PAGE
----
In yet another bid to rationalise the National Pension System (NPS), the Pension Fund Regulatory and Development Authority (PFRDA) proposed tweaks to it last week. There are three material changes. Private sector subscribers will henceforth be allowed to opt for a maximum equity exposure of 75 per cent in the Active choice instead of 50 per cent. They will be able to partly withdraw from the scheme for acquiring qualifications or starting a business. The funds can now invest in single-A rated corporate bonds with a 10 per cent cap. All this make the scheme more attractive to subscribers. But the frequent chopping and changing of NPS rules and the addition of many bells and whistles to its original features, are detracting from the scheme’s strong performance, and rendering it too complex for lay investors.
Raising the maximum permissible equity allocation for subscribers under the Active choice to 75 per cent is a wise move, given that the earlier 50 per cent cap was set too low for young workers who dominate the NPS subscriber base. A retirement vehicle is primarily intended to generate inflation-beating returns over the long run. Given that inflation in India tends to be structurally high and that long-term returns from equities are moderating (the 20-year Sensex return is 11.3 per cent), a higher equity allocation gives the subscriber a better shot at hitting his targeted corpus. Similarly, allowing NPS managers to invest in lower-rated bonds can pep up returns too. While these two measures are unambiguously positive for NPS investors, successive relaxations in premature withdrawal rules may not be. The NPS was originally designed with a long lock-in period mainly due to the adverse experience with EPF, where frequent ‘advances’ left a majority of subscribers with a depleted retirement kitty. But after several tweaks to the rules in the past year, NPS now allows investors to partly withdraw after three years, scarcely enough time for a market-linked vehicle to deliver results. If the objective was to grant investors flexibility, that is not fully met either, because of the bureaucratic list of end-use conditions that the investor must meet, to apply for withdrawal.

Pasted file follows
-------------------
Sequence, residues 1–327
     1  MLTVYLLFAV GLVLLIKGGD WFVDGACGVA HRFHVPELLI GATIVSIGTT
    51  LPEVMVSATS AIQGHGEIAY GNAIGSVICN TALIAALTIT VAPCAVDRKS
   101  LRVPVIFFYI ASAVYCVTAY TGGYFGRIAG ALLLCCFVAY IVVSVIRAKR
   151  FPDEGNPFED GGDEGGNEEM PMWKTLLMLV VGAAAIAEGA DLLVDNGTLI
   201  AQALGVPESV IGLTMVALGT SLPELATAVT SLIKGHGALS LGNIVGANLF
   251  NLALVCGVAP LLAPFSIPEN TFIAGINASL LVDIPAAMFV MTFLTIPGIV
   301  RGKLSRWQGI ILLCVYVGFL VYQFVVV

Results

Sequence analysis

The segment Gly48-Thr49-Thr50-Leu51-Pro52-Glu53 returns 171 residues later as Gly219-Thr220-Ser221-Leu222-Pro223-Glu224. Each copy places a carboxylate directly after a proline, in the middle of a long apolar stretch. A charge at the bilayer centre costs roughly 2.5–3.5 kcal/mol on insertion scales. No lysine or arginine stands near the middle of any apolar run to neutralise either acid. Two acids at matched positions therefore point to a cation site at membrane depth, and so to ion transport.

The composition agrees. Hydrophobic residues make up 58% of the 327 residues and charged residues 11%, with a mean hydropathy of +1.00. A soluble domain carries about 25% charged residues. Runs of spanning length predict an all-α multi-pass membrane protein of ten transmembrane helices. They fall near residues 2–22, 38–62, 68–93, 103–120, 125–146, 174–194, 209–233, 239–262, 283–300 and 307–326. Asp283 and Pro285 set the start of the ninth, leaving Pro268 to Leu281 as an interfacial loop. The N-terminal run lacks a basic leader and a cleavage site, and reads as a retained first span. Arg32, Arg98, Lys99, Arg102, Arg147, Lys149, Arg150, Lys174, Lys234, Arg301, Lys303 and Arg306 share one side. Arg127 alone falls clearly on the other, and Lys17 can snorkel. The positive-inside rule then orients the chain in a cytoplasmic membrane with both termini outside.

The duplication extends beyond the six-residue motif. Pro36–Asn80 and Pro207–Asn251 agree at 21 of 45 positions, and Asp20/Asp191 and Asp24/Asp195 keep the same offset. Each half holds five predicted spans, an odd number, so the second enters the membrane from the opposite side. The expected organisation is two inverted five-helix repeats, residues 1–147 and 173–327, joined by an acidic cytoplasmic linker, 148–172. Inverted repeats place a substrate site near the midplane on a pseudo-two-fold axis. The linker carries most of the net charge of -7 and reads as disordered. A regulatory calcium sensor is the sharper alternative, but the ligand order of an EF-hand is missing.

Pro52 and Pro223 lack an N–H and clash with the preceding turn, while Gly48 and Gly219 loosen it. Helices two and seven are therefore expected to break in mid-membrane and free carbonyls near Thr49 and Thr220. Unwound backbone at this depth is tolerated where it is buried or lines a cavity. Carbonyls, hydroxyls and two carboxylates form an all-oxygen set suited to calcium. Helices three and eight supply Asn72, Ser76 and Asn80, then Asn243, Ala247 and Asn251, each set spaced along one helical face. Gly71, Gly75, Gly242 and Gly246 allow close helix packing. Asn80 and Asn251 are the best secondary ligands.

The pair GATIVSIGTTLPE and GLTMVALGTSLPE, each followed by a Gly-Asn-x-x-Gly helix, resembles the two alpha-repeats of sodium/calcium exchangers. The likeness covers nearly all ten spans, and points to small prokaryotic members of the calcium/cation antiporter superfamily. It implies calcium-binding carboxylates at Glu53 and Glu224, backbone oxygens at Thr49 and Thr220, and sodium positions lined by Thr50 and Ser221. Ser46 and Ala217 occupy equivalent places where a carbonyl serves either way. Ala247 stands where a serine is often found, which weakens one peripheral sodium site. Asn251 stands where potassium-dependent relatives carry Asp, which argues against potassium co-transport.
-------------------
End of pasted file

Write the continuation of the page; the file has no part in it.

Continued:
Overall, simple design and ultra-low cost were the stand-out features of the NPS in its initial years. But, today, a retail investor wishing to open an NPS account has to choose between two kinds of accounts, two modes of allocation, three life-cycle funds, four asset classes and eight fund managers. Apart from the management fee, he may shell out nine other types of charges for transactions. Simplifying the NPS architecture, sweeping all costs under one umbrella and doing away with the compulsory annuitisation component of 40 per cent at maturity may be the best way to ensure that the scheme benefits from its good performance record, and gains further traction with savers.